Flying on cover crops in dry conditions
I just wanted to give a heads up to all those folks thinking about
flying on cover crops right now. I know that it might be too late to
get the message out but we are just not getting the rains needed
across the majority of the state right now and we were already dry in
many areas that at this time successful establishment of cover crops
using a plane might be risky.
We have seen winter rye cover crop seed sit on the soil surface for up
to 3 weeks and then catch a rain and have good establishment. But
thinking about the fall low moisture condition from last year I am
concerned that the cover crops flown on now will have a challenge to
get established. The following suggestions are for establishing a
winter small grain cover crop. Legume establishment at this time to
have fall growth is riskier than a small grain, like winter rye or
1) If you’ve already flown on your cover crop then following fall
harvest you should observe the soil to seed contact and where
appropriate pack or roll the seed to push it into the soil. That will
improve soil to seed contact and with what little moisture there is in
the soil surface will help get the cover crop seed germinated. Then we
will just need to hope for rainfall to sustain growth.
2)If you are planning to overseed using a plane or highboy and you
have a shorter season hybrid you might want to wait to no-till drill
the seed into the ground following grain harvest. That will improve
soil to seed contact. To save soil moisture do not disturb the soil
and just plant the cover crop seed directly.
3)If you are planning to overseed using a plane or highboy and have a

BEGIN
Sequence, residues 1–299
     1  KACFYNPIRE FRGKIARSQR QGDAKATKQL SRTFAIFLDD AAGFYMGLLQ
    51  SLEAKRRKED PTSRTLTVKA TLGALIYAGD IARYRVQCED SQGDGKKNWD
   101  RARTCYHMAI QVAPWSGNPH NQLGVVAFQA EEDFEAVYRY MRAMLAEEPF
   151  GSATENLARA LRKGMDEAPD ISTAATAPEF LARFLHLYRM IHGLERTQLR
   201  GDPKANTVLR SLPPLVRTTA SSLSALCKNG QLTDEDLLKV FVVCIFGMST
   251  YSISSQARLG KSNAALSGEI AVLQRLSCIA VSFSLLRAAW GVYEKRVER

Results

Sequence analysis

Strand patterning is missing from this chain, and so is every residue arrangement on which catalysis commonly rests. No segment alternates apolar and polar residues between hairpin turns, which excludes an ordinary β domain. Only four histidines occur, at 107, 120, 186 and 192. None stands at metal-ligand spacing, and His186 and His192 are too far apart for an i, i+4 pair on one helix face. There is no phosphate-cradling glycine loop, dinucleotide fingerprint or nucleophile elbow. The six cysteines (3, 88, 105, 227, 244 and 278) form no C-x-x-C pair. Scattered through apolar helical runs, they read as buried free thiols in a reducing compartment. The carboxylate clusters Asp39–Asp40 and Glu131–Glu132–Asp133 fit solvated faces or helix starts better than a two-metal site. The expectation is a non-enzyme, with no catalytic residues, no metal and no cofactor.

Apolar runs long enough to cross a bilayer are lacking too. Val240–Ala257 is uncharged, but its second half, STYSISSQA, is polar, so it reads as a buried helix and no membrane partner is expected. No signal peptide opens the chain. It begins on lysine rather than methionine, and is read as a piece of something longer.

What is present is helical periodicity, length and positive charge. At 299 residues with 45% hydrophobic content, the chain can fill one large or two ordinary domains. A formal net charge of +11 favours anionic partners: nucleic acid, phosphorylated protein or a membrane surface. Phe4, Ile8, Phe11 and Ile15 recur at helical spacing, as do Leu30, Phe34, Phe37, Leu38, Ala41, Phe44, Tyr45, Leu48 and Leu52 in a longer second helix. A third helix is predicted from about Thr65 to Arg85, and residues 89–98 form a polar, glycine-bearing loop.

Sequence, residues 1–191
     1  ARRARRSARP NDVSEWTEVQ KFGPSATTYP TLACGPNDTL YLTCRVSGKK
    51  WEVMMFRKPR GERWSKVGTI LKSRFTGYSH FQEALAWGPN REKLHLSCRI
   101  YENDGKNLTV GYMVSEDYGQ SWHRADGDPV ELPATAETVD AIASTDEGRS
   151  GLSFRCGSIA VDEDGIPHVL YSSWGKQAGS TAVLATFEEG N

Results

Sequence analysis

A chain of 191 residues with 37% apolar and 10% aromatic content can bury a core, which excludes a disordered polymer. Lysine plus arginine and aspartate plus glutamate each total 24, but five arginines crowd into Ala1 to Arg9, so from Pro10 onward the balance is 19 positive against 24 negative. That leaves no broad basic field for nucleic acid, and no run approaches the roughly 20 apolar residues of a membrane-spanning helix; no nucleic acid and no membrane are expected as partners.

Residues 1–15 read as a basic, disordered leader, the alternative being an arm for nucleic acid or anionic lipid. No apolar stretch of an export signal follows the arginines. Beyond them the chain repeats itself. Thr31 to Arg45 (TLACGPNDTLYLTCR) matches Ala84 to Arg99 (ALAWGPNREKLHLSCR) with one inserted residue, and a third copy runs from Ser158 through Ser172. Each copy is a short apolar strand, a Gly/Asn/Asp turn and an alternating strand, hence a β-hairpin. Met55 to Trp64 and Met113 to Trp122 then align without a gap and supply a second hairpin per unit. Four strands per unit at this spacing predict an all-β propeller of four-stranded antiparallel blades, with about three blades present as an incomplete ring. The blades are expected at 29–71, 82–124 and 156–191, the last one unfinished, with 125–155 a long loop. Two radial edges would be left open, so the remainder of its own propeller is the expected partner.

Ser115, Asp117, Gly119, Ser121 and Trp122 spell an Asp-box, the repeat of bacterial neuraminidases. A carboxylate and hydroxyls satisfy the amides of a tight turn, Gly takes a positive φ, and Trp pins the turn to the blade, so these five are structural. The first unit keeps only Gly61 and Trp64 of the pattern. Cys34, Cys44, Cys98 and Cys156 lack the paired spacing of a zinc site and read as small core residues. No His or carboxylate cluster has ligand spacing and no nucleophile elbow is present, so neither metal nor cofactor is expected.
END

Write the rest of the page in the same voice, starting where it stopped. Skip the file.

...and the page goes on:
while until grain harvest happens (1month or more) then timing with
moisture will be critical. If rain is in the forecast them fly the
cover crops on; If your fields have enough soil moisture then fly it
on; If you are very dry (no rain since sometime in July) and there is
not any forecasted rainfall for the next couple weeks then I would
re-think flying it on. If you can irrigate then the problem is solved
and plan to do that.
4)If you will be planting the cover crop after grain harvest—-and
your soil is dry and limited rainfall is forecasted—do NOT till
before planting. By no-till or drilling the seed directly with
disturbing the soil surface you will improve the chances of
establishment by saving any soil moisture there is in the top couple
inches of the soil. That little bit of soil moisture last fall made
the difference between our field in Boone getting good establishment
when no-till drilled versus a neighboring farmer’s field with no fall
growth when the cover crops were planted at the same time but after
disturbing the soil.
If your cover crop seed (winter rye, winter wheat and usually hairy
vetch) does not germinate this fall don’t worry they will usually come
back in the spring. But no fall growth and winter soil protection from
the cover crop will be present.
Let me know if you have any questions and please try to share your comments.
Thanks and lets hope for some rain soon.